The Mussel Tank Project
Plans for the mussel tank were inspired by the importance of Lytham Green. It has been challenging to keep this iconic and unique beauty spot clear of commercial development.
- Lytham is here because of the sea and the magnificent Ribble estuary – we hope in this project to explain their never ending connection. Below The opening of the Mussel Tank 1934
What Makes It So Special?
- Its open aspect, with views over to the Pennines, Southport, the Great Orme, the Welsh mountains, and indeed out to the open sea
- It’s a large grassy open space
- Its closeness to Lytham centre
- Its accessibility
- Historic buildings such as Lytham windmill (there were once moves to demolish it as it was seen as an industrial building), the old traditionally built lifeboat house from whence the first ocean going lifeboats set out
- The mussel tanks are important too. In about 1934 this large structure was built on the foreshore to enable polluted mussels to be washed, brought by the fishermen from as far as Morecambe Bay
- Maritime connections. After the mussel tanks fell into disuse in the 1940s uses were found for two of the three sections. One section houses the inshore lifeboat and RNLI shop, and one the Ribble Cruising Club. The third section was for some years used as an informal swimming pool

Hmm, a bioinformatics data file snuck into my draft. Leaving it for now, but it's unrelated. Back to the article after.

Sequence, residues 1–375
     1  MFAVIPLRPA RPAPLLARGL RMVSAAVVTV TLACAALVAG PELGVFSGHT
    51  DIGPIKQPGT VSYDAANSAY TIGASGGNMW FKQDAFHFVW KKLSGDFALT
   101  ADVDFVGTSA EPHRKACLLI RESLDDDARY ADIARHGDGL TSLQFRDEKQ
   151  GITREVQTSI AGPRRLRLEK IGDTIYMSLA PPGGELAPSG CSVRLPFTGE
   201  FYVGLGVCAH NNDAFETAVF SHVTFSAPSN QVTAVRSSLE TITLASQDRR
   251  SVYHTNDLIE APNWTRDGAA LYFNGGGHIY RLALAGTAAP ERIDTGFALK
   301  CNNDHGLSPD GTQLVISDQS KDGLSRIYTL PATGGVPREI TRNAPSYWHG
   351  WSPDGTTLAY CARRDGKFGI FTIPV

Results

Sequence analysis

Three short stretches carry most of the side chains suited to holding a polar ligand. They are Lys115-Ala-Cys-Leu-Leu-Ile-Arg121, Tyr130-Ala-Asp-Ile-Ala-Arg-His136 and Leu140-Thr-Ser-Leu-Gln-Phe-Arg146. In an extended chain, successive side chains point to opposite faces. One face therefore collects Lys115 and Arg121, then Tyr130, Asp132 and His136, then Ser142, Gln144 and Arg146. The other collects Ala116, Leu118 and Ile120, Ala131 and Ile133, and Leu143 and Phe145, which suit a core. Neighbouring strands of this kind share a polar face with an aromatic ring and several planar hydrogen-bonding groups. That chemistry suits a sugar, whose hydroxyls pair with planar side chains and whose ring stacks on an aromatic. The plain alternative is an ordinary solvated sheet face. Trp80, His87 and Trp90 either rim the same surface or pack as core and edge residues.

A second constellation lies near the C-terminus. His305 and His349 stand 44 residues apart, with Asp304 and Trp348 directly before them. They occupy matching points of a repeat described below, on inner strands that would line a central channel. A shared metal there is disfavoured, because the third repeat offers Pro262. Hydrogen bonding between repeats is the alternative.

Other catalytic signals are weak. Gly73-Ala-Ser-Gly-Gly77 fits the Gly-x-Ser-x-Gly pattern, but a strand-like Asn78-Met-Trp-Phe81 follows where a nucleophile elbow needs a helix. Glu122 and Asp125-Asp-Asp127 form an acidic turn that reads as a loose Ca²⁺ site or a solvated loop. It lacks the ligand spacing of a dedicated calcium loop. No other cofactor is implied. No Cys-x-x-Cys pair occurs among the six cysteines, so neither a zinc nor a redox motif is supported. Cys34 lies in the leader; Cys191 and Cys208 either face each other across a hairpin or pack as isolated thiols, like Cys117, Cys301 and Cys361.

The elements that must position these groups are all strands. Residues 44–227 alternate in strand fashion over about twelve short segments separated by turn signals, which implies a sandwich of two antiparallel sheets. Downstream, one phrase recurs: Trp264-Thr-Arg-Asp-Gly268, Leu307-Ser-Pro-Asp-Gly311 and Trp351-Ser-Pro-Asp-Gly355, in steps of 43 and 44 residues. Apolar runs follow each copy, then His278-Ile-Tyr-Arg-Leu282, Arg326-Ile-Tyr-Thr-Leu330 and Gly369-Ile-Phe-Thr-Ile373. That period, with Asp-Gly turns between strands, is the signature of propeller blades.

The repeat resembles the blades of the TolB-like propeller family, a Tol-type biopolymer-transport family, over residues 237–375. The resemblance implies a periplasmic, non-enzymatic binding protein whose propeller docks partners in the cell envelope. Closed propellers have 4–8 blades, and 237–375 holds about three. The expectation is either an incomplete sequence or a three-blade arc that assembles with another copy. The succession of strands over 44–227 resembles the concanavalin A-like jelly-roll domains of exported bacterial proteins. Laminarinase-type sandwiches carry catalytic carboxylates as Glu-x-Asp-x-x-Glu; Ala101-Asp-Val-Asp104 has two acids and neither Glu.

View across the estuary looking towards the distant hills.
The Mussell Tank today bathed in sunlight
- Since 2010, proposals were developed on what to do with the site to improve it. It had been agreed by various local groups that some form of arena would be good, and that the site should be opened out – rather than enclosed in an attempt to provide shelter.
- There should be seating and explanation boards so that people can understand where they are and what they are looking at.
- It was thought that the site was too inhospitable for children’s play equipment.
- We have opposed any commercial development or further cafes on the site, and besides the fact that this would destroy the ambience of the site and set bad precedents.
- We are keen that all visitors should be encouraged to go into town to visit cafes and shops. There are over 40 places of refreshment just a few steps away!
We wholeheartedly support our local business community
Want To Know More? Read On…
What Has The Site Been Previously?
The local council, owners of the site, decided there should be a café on the third section, and this was originally called The Anchorage. After this closed there were a series of restaurants and nightclubs which failed, ending with the Scruples nightclub as a burnt out wreck in the 1990s.
Changes On The Horizon
The council then decided to sell it to a developer in 1997. There was local uproar, residents having already fought off a proposal for a large leisure centre alongside the RNLI, a dual carriageway and several car parks. This was led by the Civic Society who raised the then large sum of £14,000 to demolish the derelict structure.
A Planning Enquiry refused the development proposals and the demolition went ahead. The site had become neglected. A centrepiece put up by the Lytham Lions was destroyed by vandals, together with the remaining benches.
Vandalism and weather are serious concerns on the site as, like Lytham Green, visitors will be there all year round.
The essential ambience of Lytham Green was planned to remain. It really is the best place to walk off your Christmas pudding or Sunday roast, take in some bracing air and look at the stars.